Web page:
PN cracks whip, expects all MPs to vote against motion
PN motion urges Austin Gatt to continue work of improving bus transport network
The Nationalist Party’s executive has called on all its MPs to vote against the Labour party’s motion of no confidence in the Transport Minister as pressure mounts on dissenting backbencher Franco Debono to toe the party line.
In a meeting that lasted an hour yesterday, the executive unanimously approved a motion put forward by general secretary Paul Borg Olivier “recommending” that Nationalist MPs vote against Labour’s motion in Parliament.
Dr Debono did not attend the meeting and when contacted confirmed he would abstain in today’s vote.
“I will not be an accomplice with those who will make a mockery of democracy and I will abstain,” he said.
Leaving the meeting yesterday Prime Minister Lawrence Gonzi said he did not want to speculate when asked what would happen if Dr Debono abstained.
However, some of Dr Debono’s parliamentary colleagues told journalists outside the PN headquarters that they expected him to vote in line with the parliamentary group.
Rural Affairs Minister George Pullicino, party whip David Agius, parliamentary assistant Beppe Fenech Adami and backbencher Francis Zammit Dimech said Dr Debono should vote according to the party line.
The motion of no confidence in Transport Minister Austin Gatt over his handling of the bus reform will be debated today and a vote is expected this evening.
If Dr Debono abstains the government’s hope of defeating the motion rests with the Speaker’s casting vote.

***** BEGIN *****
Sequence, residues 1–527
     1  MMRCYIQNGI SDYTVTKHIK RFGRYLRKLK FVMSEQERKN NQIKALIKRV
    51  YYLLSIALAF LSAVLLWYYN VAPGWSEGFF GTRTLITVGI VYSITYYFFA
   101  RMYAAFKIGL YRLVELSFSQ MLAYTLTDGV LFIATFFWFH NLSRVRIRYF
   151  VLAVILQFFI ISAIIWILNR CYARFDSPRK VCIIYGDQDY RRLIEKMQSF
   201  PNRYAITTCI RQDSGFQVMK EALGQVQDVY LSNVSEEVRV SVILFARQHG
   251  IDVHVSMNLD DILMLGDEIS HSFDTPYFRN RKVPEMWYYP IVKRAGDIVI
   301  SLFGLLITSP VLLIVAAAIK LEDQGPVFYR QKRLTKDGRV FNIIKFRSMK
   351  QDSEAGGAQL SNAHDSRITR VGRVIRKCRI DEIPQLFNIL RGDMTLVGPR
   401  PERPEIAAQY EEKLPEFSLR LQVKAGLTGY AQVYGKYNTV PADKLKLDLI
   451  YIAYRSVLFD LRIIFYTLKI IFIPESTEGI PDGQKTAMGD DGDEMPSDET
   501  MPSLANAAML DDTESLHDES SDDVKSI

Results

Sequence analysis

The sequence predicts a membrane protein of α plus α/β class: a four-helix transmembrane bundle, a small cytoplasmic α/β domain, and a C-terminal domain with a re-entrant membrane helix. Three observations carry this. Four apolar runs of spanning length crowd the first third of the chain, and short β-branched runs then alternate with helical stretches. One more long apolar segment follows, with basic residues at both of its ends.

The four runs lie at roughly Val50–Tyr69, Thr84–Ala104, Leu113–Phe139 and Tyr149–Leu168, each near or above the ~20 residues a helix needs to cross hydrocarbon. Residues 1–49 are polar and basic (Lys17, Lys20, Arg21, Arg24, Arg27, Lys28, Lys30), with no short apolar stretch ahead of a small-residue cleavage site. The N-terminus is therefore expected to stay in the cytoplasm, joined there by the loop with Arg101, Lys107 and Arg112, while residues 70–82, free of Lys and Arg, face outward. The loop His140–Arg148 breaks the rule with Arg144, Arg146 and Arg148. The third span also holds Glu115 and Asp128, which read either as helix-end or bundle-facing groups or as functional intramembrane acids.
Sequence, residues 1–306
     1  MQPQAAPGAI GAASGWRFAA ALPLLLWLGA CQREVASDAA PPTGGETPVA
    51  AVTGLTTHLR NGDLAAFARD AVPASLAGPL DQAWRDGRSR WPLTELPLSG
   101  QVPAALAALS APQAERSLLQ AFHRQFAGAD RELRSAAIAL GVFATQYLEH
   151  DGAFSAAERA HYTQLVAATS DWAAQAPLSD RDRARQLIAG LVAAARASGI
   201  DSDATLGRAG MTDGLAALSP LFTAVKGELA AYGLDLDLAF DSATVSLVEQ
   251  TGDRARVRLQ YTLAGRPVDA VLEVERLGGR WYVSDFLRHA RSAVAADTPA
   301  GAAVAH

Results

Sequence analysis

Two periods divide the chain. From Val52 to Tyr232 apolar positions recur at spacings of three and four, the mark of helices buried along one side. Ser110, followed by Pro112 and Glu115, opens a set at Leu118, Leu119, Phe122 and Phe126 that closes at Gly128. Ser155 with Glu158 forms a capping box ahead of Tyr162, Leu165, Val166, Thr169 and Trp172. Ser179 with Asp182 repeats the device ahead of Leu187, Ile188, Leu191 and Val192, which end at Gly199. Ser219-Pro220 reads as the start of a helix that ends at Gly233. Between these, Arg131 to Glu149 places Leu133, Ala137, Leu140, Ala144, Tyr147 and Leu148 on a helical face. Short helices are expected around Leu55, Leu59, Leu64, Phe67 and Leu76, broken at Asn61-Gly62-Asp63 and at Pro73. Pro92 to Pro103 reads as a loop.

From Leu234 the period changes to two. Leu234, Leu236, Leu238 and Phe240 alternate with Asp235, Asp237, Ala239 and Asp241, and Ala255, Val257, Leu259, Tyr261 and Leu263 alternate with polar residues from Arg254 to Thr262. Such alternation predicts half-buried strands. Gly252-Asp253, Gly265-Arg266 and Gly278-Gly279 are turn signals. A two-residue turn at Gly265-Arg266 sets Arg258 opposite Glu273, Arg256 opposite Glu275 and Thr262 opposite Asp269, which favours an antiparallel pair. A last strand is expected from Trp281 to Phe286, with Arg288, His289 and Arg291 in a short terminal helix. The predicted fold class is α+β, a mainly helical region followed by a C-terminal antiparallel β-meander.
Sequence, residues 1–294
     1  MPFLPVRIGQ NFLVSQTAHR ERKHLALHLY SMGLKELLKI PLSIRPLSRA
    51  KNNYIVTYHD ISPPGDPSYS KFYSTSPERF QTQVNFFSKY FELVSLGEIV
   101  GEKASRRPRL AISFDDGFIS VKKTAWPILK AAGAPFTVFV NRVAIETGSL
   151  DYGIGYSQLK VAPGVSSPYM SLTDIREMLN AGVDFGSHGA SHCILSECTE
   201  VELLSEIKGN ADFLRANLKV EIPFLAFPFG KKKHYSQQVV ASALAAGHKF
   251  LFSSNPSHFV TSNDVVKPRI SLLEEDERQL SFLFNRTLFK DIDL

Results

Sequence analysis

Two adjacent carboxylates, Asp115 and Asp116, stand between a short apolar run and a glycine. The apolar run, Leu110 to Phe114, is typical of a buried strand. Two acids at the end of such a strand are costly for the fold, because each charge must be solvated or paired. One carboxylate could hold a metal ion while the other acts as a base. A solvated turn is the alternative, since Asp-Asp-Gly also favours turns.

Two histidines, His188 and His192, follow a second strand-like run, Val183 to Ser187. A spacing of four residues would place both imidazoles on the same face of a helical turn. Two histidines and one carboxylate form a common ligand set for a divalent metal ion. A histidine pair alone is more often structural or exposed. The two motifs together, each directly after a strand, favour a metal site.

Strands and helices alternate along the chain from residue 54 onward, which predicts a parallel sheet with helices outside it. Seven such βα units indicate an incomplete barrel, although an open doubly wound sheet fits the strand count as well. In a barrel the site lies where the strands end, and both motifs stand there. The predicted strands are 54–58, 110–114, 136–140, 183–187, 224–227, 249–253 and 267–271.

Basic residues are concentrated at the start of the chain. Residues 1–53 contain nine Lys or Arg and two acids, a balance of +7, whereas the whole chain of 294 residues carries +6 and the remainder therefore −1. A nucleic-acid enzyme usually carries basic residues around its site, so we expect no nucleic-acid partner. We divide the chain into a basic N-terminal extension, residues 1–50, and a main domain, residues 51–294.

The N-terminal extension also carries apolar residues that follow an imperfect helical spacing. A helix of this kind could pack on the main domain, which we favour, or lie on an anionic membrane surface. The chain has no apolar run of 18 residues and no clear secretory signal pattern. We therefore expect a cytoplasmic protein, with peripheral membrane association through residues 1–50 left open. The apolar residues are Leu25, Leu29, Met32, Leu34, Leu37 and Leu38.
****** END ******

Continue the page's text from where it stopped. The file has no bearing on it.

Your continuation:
Dr Gonzi said that during the executive’s meeting on Monday, Dr Debono was given the possibility to propose an amendment to the Opposition’s motion. “This avenue has not yet been exhausted and it remains open until tomorrow (today),” he said.
Dr Gonzi skirted the question when asked whether he considered the motion to be a vote of confidence in the government and insisted the bus reform was an important one which had been promised in the PN’s electoral manifesto. The government took the decision and believed in this reform, he added.
On the issue of time allocation for today’s debate, in which Dr Debono has been given five minutes to speak, Dr Gonzi said all MPs, including the Deputy Prime Minister, were allotted five minutes because of time constraints.
From the government bench it is only the Prime Minister and Dr Gatt who have been allotted more time: 30 minutes and one hour respectively. Dr Gatt did not comment after the meeting.
The motion proposes another meeting of the executive in February to assess the progress of the changes to the bus network that will be introduced next week.
It also urges Dr Gatt to carry on with his work to improve the network and take all contractual measures necessary to ensure bus company Arriva assumes responsibility and provides the necessary buses, frequency, punctuality and efficiency to satisfy the demand.
The motion also notes that Dr Gatt had already shouldered political responsibility for the route changes that caused widespread criticism when he offered his resignation but this was rejected by the Prime Minister.
In the only reference to the widespread criticism the reform has received from commuters, the PN motion notes that the service has not yet met people’s expectations especially on certain routes, at particular times and on the frequency of service.
Dr Debono has insisted all along that he wants Dr Gatt to shoulder political responsibility for the failures that have characterised the new bus service since its introduction in July.